My 7 year old son and I recently took a trip to The Rocks Markets so that he could spend the $15 he had saved on some coins for his collection. He spent some time before deciding upon three, only two of which he could afford. After deliberating he chose two, but could hardly bear to put the third back. A gentleman next to us, who had been present the whole time, took the coin from him, looked at it admiringly and handed it back to him. "I'll buy that for you" he said, and he did. That $10 coin is one of the most treasured in his collection.


This was my 1st day in Australia, and this was a Sunday. I had only euros and 2 AUD with me when I was at the station, trying to understand how was the ticket machine working. An old couple who recently went in France (my country) tried to help me out. Seeing that I did not have enough change, and that it would be hard to find a bank opened on a Sunday, they gave me a 20 AUD note, and ask me to return to them the following day, when I would have change my euros. This was unbelievable! I did gave them a 20 AUD note back as promised and they then became really good friends and a real support for me here.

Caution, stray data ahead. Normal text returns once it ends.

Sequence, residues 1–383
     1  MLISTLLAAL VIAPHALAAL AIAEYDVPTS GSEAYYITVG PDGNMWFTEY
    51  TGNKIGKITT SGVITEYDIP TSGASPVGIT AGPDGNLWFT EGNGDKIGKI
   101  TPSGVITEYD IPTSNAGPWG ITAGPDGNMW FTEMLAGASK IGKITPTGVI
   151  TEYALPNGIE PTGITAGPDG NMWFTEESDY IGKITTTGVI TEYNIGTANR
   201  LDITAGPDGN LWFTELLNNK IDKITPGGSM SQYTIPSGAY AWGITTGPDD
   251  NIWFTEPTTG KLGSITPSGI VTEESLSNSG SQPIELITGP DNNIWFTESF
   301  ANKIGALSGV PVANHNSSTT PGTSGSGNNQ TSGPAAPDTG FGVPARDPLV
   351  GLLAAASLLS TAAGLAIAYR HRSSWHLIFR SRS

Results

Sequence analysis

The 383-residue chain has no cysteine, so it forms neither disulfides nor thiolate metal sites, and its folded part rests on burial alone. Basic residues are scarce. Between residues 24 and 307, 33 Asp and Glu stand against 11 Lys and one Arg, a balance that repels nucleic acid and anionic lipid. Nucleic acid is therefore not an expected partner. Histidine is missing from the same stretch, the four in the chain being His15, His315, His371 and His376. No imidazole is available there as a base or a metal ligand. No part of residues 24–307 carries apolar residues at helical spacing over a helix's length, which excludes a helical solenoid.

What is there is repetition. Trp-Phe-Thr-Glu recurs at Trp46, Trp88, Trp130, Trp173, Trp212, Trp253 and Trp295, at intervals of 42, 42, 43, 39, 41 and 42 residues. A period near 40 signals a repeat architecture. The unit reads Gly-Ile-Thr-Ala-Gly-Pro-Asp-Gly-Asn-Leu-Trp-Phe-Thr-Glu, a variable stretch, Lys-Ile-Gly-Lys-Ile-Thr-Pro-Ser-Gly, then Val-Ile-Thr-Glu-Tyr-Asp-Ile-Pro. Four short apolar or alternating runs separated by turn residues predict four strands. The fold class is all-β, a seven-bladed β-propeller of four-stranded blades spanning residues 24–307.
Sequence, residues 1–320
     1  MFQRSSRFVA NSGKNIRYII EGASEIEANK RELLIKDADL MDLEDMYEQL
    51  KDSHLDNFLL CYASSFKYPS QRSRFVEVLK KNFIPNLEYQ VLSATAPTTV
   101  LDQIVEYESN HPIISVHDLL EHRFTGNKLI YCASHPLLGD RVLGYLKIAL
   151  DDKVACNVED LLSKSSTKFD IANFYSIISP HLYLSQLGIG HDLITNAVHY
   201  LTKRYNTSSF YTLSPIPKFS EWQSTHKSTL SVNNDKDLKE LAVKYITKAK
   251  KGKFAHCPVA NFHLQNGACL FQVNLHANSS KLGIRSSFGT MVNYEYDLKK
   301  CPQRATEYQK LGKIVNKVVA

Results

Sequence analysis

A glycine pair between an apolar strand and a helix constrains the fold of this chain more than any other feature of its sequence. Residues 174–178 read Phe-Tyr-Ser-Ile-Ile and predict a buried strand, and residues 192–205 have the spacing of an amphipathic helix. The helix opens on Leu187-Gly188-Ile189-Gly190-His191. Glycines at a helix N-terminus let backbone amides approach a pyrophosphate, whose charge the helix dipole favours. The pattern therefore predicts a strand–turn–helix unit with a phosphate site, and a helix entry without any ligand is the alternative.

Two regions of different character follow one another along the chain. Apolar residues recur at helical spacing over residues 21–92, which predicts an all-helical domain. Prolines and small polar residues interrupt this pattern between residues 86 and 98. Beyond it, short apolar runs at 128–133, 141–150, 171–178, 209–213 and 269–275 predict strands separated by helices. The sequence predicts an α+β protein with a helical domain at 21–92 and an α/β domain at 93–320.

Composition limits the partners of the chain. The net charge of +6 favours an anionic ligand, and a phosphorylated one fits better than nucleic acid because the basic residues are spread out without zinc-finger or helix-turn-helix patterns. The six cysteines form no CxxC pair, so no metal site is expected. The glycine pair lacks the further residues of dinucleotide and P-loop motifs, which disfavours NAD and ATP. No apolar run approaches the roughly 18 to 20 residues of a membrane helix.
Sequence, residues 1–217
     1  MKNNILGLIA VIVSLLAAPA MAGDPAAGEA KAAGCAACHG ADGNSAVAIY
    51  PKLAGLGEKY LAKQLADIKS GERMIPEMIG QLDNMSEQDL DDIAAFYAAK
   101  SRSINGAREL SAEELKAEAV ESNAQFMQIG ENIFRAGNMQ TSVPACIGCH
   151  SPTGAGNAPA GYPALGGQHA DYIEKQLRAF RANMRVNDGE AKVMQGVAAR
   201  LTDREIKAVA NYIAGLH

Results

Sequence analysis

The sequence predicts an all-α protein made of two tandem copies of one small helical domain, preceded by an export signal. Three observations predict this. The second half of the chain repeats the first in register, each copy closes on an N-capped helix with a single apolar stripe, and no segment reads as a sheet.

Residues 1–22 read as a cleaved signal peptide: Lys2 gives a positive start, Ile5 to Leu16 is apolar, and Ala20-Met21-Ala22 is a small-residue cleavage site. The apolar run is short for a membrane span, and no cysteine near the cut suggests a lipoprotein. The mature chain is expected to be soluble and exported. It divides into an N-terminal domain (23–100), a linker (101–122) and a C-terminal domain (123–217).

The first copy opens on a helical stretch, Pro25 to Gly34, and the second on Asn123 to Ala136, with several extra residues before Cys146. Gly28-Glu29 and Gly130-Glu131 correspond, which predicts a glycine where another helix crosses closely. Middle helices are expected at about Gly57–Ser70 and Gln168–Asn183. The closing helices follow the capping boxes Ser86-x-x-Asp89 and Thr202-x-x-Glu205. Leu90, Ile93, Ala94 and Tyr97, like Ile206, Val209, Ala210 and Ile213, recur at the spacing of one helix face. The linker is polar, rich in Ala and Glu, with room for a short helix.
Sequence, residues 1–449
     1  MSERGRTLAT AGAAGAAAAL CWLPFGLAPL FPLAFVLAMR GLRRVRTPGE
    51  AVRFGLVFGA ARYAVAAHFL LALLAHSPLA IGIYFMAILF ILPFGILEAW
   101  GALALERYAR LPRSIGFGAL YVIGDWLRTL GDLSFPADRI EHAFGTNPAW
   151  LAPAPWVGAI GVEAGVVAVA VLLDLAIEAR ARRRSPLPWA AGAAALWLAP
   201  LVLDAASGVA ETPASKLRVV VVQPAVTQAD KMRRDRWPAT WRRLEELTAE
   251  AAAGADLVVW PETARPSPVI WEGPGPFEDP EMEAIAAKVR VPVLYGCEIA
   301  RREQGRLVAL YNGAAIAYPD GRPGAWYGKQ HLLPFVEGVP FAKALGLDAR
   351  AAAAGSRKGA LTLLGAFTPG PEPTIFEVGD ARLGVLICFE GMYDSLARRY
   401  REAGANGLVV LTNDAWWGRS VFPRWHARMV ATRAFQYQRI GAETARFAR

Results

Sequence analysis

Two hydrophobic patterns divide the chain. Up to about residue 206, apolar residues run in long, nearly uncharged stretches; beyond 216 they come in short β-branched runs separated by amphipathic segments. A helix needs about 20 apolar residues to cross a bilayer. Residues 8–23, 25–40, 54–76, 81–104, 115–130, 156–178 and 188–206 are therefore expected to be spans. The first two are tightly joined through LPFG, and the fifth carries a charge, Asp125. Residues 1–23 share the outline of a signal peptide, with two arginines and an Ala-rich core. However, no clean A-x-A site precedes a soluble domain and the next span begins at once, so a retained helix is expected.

On a very wet and windy day last winter I walked past a very elderley and obviously frail lady standing outside a doctor's surgery. She looked lost. I asked if she needed help and she said that she thought she had a doctor's appointment but the surgery was closed. She was waiting for the rain to ease to walk home. I drove her home. She said that once in a while you meet an angel, and that I was one. This has stayed with me - that small AOK can make such a difference, and never be afraid to reach out.


We were driving on the Hume highway at Yagoona a few years ago .. when my husband suddenly pulled over. He did not anwer me when I asked him "Why did you stop"? He got out of the car and walked towards the medium strip and walked this rather large German shepard who was pacing the strip trying to cross - Al walked up to the dog and simply walked him across to saftey - it was a lucky day-for this dog !


My father was working as a chicken farmer. He had a friend who did this job in a different part of Palestine. One day my father�s friend tried to deceive the company my father had the contract with by telling them my father would not pay them for their feed. They believed him and wouldn�t send the feed to my father�s farms. My father tried to solve the problem but he couldn�t. Strangers, who heard what his friend did to my father, gave the company a one million dollar guarantee. My father thanked them very much and received the feed.